Tom Daley's synchronized partner Peter Waterfield claims the diving star would always put his sport ahead of media commitments, claiming that the public criticism from British Swimming needs to stop.

Daley was criticised by David Sparkes last week, with the chief executive saying he was concerned about the 18 year old's involvement in the reality diving show Splash! taking away the focus from his diving.

Daley's mother hit back in sensational fashion, writing an open letter in which she accused British Swimming of being ungrateful to the Olympic medal winner for his hard work and achievements. And Warterfield has backed her sentiments in calling for the body to stop criticising him in public and deal with the issues internally.

"I don't think that anyone who wants to criticise him should do it through the newspapers," he told BBC Sport.

"I'm sure he [David Sparkes] wants to cover himself in case Tom doesn't get medals, but they should talk to him in person about it because I think it's wrong to do it through the media.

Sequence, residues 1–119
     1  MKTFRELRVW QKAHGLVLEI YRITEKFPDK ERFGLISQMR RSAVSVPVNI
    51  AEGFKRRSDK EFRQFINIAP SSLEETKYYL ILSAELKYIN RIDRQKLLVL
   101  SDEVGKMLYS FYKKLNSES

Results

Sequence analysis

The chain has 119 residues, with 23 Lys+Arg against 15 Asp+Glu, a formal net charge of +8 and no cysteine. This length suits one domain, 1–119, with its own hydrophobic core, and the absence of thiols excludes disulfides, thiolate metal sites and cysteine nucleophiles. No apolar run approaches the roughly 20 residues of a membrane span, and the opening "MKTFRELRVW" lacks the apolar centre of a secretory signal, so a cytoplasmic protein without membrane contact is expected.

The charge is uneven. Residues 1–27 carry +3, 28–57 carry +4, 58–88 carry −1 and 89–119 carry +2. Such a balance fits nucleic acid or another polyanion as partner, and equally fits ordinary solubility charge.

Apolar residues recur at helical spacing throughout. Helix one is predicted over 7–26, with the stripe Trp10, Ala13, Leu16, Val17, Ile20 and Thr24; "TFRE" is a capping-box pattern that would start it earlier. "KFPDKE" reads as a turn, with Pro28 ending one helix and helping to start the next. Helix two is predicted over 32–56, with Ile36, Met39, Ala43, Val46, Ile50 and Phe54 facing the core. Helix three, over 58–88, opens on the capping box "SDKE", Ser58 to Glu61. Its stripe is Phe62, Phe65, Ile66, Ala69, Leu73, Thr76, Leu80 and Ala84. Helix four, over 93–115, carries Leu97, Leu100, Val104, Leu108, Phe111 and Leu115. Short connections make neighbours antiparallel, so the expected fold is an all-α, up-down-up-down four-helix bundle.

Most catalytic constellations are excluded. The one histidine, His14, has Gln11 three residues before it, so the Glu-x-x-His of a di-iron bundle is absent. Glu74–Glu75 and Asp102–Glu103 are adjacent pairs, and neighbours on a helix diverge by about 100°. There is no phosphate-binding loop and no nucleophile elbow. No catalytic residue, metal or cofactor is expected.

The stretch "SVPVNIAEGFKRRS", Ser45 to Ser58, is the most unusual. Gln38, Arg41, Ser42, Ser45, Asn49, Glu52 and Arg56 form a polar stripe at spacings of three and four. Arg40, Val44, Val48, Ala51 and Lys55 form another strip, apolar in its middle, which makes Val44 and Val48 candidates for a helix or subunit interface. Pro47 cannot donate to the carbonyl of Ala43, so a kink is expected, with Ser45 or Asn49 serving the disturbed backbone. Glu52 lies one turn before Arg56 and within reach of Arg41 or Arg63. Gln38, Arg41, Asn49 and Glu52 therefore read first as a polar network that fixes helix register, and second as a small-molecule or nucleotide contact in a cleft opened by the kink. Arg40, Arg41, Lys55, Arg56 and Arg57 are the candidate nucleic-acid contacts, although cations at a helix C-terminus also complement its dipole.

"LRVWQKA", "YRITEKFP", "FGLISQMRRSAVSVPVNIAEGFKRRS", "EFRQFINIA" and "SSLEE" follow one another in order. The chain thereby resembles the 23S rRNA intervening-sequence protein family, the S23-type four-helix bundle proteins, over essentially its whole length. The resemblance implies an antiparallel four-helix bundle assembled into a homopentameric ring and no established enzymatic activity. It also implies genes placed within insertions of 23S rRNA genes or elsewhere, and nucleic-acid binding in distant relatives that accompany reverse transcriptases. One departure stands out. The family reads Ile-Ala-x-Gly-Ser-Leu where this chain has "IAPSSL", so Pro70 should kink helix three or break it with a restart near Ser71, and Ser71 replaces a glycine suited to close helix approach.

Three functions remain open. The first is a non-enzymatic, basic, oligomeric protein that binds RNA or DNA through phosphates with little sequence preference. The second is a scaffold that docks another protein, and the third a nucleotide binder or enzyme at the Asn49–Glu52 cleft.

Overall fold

"Despite all of the pressure Tom's been working as hard as he possibly can and delivering the results that everyone wants him to get and yet he's still being criticised."

Tom Daley
Tom Daley is completely focused on continuing to achieve the best in his sport, Peter Waterfield claims.

Waterfield insisted that Daley had always put his diving ahead of his media work, and while he isn't training he's perfectly entitled to get involved in other projects.

"If you gave Tom the choice to do media or diving, he would choose diving," he explained.

"But in our sport our body takes a lot of impact so we do need a rest and if you're having rest and have offers and decide to do shows or media or things like that then why wouldn't you?

"We aren't competing again until April internationally so he's had a bit of time to have a bit of relaxation and do other things that he wouldn't be able to do in full time training.

"Tom's only young and I think the best is still to come out of him," stated Waterfield.

"You peak in our sport in your twenties so I definitely think he has a lot more to give and in Rio he could bring back that gold."